Nostalgia Trip [1989]

Everybody 25 or younger raise your hand!

Everybody in the office is now looking at you weirdly because you raised your hand for no reason and myself as well because may have never heard about what I am going to show today. I myself just turned 27 two weeks ago, and it made me look back on my humble beginnings in gaming. Funny thing is, it all started the same year I was born in, back in 1989...

Plays Great - Less Filling

With over one half million units sold the Microsoft Entertainment Packs or MEP are the Gorillas of the Gaming Lite Jungle. You know what we mean: where does a gorilla sit? Wherever he wants to. If theories about large numbers of pirated games are true, the question is: how many copies of MEP are there? Who knows?

What we do know is that Microsoft Entertainment Packs are the leaders in the gaming lite category. The idea behind the MEPs is to provide quick gaming experiences from within the Windows environment for the traditional Microsoft customer. The marketing spiel on each box clearly signifies that Microsoft thinks the target machine for MEPs is the office computer. "No more boring coffee breaks." "You'll never get out of the office."Only a few minutes between meetings?
Get in a quick game of Klotski". Whether played at the office or at home, MEPs provide relaxing short term diversions from whatever it is that's stressing you out, be it boss, spouse or gorilla.

This was the beginning of a review on the Microsoft Entertainment Packs, an article published on page 74 of the Computer Gaming World Magazine from September '92.

Back in the day, the managers at Microsoft were concerned that their operating system’s high hardware requirements meant that people would only see it as a tool for large enterprises. To make Windows more appealing, Microsoft's “Entry Business” team was entrusted with the task of creating a series of games in their spare time. The project had almost no budget, and no major video game publishers got involved because they doubted Windows' legitimacy as a gaming platform. Who would have thought that PC gaming would overtake all other gaming platforms in later years?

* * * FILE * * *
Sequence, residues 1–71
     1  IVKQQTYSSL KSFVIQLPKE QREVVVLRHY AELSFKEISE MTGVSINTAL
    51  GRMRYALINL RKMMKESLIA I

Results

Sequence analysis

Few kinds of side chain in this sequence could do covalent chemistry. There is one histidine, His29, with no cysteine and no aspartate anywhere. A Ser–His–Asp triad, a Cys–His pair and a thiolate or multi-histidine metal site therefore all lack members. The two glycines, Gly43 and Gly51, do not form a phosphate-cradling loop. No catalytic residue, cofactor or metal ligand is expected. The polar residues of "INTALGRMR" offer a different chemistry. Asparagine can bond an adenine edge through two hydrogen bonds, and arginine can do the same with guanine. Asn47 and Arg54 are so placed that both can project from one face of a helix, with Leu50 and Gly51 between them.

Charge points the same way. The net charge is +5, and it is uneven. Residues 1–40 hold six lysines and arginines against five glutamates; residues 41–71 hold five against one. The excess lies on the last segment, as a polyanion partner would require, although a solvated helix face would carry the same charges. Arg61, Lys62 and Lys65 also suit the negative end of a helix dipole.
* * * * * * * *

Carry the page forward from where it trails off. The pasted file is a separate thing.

The first time I ever came in contact with a video game of any kind was thanks to my dad. One day he took me to his office, where he worked as an architect, showed me around a bit and then sat me in front of his computer. Home personal computers weren't very common by that time, so sitting in front of a PC for the first time around 1993 was pretty awesome, even for a 4 year old. He showed me two floppy disks, the 3½-inch ones with 1.44MB capacity, each with about five to seven games on it.

I never had a keyboard under my fingers, and the first thing I did was to cut a field in half over and over to trap some balls in the smallest space possible, then transforming cats into cheese and trying to avoid a sewer spillage. How amazing is this? This is tons more fun than scribbling on the walls or sticking things up my nose. I needed more. There were four different Microsoft Entertainment Packs and a Best Of compilation, which was even available as a mail-in premium from Kelloggs. Let me show you my favourite games out of all different MEPs, since those are the games that put me on the rails toward years and years of awesome gaming experiences.

Pipe Dream

All sexual connotations aside, this is a game where you, as a plumber, have to lay down the pipe segments shown in the preview window left, so that you avoid the spilling of the green goo. You win the level by either making it as many block long as shown on the top right corner, or connecting the start with the end on higher levels. Every time you put down a pipe section, it costs you points, so you need to think a little bit if you want to reach those high scores, but don't waste too much time, because the pipes start filling after a few seconds. Oh and by the way, this game was designed and programmed by the guys at LucasFilm Games. Let the flow be with you.